Recently, Rhizome DC got rid of its first-floor bathroom. That might not seem like a big deal, but knocking out that bathroom—which separated its kitchen from its performance space—makes a world a difference for Rhizome. Why does this matter so much? Because Rhizome DC isn’t just the best new venue in the District, it’s one of the best examples I’ve seen in a long time of how a small-scale venue can, and should, operate. And knocking out that bathroom—making it easier for patrons at a crowded show to see performers—is part of Rhizome’s commitment to being a longstanding venue for D.C.’s music community.
In less than a year, Rhizome DC has established itself as one of the best places to experience experimental and avant garde music and art. Situated in a unsuspecting house in the heart of D.C.’s Takoma neighborhood, Rhizome bills itself as a “nonprofit community arts space … dedicated to promoting creativity as a force for personal empowerment and community engagement.” And in true Takoma/Takoma Park fashion, it “strive[s] to provide a home for non-mainstream programming.” If you’ve been to an event at Rhizome, you know how true that is.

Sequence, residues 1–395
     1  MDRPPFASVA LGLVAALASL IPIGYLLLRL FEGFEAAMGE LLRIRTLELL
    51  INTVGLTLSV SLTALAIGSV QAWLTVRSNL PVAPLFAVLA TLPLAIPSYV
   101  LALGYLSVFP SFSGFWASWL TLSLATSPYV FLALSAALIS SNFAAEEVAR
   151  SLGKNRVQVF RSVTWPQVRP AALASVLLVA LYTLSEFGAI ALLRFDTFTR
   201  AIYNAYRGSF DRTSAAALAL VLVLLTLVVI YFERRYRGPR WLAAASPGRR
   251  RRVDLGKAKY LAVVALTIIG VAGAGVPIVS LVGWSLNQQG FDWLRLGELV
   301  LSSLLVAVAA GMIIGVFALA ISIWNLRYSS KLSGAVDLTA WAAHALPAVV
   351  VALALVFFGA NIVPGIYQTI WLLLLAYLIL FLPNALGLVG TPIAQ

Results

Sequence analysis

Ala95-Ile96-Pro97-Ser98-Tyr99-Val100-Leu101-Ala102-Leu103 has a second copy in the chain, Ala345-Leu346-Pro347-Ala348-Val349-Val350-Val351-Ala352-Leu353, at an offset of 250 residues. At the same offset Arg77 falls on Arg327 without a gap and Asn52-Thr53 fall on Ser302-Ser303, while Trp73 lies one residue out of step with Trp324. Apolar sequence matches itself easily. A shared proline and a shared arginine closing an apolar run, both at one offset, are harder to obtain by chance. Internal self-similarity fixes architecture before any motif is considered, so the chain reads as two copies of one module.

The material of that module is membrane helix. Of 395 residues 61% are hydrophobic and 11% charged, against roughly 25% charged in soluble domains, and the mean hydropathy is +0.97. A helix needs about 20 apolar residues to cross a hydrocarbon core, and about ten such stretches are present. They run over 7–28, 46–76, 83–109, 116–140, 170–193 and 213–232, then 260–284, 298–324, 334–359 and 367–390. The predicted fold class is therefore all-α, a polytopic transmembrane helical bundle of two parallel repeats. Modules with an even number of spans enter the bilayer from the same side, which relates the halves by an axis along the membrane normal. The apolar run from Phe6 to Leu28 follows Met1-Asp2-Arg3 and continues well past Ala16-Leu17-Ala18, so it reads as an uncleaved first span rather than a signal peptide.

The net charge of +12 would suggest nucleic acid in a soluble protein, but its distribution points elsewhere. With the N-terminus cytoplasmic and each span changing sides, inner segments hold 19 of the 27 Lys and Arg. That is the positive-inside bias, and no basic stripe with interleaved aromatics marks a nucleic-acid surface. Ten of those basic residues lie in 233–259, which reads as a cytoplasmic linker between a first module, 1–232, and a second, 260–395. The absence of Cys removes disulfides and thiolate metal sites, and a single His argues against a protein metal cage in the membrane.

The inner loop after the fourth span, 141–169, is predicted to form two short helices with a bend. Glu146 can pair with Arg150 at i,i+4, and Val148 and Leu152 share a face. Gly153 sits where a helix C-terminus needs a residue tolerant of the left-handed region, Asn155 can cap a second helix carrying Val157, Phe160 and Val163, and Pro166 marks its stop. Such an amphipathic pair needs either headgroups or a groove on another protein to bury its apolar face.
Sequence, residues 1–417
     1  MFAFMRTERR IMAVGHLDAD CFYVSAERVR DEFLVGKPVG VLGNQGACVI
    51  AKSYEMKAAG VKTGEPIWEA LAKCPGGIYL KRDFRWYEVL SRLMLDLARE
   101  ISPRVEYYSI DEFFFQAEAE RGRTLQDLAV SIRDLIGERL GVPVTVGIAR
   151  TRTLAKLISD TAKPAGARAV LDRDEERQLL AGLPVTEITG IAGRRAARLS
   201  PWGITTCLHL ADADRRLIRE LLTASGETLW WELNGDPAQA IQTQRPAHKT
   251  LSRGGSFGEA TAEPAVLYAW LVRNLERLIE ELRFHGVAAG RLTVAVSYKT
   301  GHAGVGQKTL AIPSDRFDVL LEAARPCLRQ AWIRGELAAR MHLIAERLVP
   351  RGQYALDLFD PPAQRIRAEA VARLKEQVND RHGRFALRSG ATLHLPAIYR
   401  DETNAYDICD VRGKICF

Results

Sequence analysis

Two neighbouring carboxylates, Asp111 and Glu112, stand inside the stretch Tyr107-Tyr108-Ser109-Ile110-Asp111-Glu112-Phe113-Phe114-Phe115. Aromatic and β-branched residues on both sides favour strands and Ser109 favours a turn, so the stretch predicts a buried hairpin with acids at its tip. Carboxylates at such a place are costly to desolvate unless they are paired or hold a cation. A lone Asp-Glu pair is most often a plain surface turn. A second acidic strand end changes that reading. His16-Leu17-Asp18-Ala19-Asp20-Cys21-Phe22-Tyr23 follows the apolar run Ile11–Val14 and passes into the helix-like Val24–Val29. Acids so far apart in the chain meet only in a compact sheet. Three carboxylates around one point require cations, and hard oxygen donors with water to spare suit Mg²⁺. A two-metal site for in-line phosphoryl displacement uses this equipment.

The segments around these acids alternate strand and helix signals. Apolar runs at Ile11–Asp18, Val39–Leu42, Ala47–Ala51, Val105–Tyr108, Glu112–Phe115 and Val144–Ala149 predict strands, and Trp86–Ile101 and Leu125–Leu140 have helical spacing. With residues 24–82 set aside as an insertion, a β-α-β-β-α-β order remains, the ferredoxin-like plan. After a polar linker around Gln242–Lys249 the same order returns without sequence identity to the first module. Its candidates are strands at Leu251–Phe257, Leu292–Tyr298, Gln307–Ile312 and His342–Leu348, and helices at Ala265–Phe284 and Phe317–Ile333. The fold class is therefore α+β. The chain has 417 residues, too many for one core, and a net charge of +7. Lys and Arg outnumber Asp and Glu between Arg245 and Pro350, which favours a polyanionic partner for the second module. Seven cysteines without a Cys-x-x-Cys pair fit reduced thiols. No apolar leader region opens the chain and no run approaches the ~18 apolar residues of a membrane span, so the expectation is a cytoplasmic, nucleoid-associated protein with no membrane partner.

Since opening, it’s hosted an array of performers and artists—from free-jazz ensembles, to sound artists, to drone musicians, to poets, sculptors, and filmmakers—both locals and from as far away as Vienna, Austria. But to get the best sense of just how special a place it is, consider some of its upcoming programming: locals like Super! Silver Haze! and Insect Factory; New York minimalist experimental ensemble Earth Tongues; an electroluminescent wire workshop, and guitarist Tom Carter. And that’s all just within a week.
Merging DIY house venue ethos with the business model of a nonprofit arts center—coupled with its exceptional curatorial instincts—is what makes Rhizome one of the best venues D.C. has seen in a long time. Let’s hope it’s here to stay. (And, never fear, it still has a bathroom upstairs.)